I have rather a lot of classes which require me to write functionally. Lovely prose is deemed unprofessional, unproductive and a waste of time. You can probably chart my enjoyment of a class by how much creativity I am allowed in how I write for it. Sometimes professors tell you to “write like it’s for a technical paper” or “the New York Times”. By this they mean: just the facts, ma’am.
It used to be nearly impossible for me to write that way. Now I have found a kind of cold joy in writing legal briefs–knowing I am precisely accurate in what I say and what I mean. But to characterize that kind of writing as like the New York Times does a disservice to the New York Times, as David Park’s Opinion on the shootings in Northern Ireland showed today. Here is one of the most tear-jerking posts:
But something quite remarkable has happened in this country as the hours have turned into days. It started with ordinary people interviewed on television and radio who invariably expressed an abhorrence of “returning” or “going back.” At first it was clearly the product of a deep-seated fear of regression towards the abyss, a fear that the peace process itself would crack asunder with the impact of violence, but then the fear turned to anger — an anger that a small group of fanatics with little or no popular support should seek to subvert the will of the people of Ireland.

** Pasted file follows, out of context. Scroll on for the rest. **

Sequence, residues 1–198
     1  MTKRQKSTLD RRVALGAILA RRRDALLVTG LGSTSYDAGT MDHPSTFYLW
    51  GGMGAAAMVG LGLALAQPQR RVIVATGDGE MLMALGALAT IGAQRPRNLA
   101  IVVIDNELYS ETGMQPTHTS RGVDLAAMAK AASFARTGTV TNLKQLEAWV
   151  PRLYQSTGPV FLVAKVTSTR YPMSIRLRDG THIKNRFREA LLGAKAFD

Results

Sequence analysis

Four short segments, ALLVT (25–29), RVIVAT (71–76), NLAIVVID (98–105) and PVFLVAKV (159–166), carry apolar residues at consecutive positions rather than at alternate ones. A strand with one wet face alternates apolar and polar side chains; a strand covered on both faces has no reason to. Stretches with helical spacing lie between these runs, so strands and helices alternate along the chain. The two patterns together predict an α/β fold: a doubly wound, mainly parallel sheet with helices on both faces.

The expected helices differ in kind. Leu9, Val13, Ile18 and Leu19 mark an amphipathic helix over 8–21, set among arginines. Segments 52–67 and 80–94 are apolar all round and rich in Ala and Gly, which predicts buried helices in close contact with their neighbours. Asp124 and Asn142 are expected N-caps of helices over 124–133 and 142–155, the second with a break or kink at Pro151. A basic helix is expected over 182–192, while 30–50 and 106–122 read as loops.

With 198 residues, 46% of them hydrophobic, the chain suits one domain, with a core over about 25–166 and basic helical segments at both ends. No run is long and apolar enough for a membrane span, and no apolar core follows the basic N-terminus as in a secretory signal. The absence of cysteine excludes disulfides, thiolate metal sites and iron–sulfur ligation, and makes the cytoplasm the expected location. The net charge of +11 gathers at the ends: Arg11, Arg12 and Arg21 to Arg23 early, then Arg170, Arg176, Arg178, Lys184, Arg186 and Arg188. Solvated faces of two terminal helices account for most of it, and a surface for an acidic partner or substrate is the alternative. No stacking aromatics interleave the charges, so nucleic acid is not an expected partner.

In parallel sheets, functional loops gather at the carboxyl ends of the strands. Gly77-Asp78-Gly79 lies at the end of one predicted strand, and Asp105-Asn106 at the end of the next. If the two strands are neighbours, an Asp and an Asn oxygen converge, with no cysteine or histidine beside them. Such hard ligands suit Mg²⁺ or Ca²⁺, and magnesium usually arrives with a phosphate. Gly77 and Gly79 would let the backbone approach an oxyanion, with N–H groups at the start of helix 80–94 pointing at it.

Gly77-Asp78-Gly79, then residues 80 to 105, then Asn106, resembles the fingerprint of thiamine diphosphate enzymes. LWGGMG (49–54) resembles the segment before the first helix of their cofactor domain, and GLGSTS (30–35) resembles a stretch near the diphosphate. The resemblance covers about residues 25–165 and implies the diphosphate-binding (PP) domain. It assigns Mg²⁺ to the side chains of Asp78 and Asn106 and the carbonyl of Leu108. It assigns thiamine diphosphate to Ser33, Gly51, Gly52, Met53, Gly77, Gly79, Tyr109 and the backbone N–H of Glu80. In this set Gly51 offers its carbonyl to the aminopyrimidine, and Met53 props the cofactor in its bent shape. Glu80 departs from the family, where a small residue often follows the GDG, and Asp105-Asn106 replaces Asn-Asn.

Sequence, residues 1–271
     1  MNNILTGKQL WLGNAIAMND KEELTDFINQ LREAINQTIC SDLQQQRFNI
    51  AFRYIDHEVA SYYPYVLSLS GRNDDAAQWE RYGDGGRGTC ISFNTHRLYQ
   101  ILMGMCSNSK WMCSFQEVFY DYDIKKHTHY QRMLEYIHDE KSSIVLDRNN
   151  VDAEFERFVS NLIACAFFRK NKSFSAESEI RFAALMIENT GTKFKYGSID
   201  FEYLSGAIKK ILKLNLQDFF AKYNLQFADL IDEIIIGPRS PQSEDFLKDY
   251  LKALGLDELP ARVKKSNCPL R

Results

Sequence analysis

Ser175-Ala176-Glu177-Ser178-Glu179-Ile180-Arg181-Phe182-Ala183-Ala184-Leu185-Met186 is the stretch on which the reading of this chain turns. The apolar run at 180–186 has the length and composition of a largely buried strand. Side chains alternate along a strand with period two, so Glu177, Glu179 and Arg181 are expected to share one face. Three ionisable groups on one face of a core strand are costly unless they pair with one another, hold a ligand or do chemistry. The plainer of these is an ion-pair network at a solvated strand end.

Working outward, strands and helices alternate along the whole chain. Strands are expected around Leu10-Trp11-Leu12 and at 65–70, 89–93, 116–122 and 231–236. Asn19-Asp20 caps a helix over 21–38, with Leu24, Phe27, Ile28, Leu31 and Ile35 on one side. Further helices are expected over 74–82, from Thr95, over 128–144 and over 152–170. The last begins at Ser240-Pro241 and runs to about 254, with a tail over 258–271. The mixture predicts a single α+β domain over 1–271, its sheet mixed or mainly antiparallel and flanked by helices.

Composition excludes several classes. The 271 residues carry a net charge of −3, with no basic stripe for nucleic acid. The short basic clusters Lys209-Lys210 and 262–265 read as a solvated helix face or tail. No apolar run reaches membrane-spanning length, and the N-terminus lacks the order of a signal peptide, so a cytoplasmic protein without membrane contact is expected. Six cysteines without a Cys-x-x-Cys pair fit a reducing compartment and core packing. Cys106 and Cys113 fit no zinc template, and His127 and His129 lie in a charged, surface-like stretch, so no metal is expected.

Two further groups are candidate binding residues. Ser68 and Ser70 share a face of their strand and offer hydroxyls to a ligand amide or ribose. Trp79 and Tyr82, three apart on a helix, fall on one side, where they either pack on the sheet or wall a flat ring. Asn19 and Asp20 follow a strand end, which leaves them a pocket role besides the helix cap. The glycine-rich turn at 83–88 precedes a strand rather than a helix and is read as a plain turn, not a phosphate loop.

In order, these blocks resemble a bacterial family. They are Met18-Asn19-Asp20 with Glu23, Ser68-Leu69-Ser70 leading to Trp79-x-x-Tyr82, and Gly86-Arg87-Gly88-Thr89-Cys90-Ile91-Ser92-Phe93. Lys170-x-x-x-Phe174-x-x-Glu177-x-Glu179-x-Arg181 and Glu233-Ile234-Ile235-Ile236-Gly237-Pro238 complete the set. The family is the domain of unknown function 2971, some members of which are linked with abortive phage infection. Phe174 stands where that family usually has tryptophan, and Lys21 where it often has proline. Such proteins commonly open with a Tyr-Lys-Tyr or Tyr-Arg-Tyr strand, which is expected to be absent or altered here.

Across towns and cities people of all traditions assembled to protest in dignified but powerful silence. There was a constant reiteration that what had been achieved could not now be lost, that a peace process, for all its problems, could not be usurped and subverted by the gun.
Wow. There were passages more flowery, and some more expositive, but these images brought me near to tears. It is good to know someone appreciates good writing.
“If the doctor told me I had six minutes to live, I’d type a little faster.”–Isaac Asimov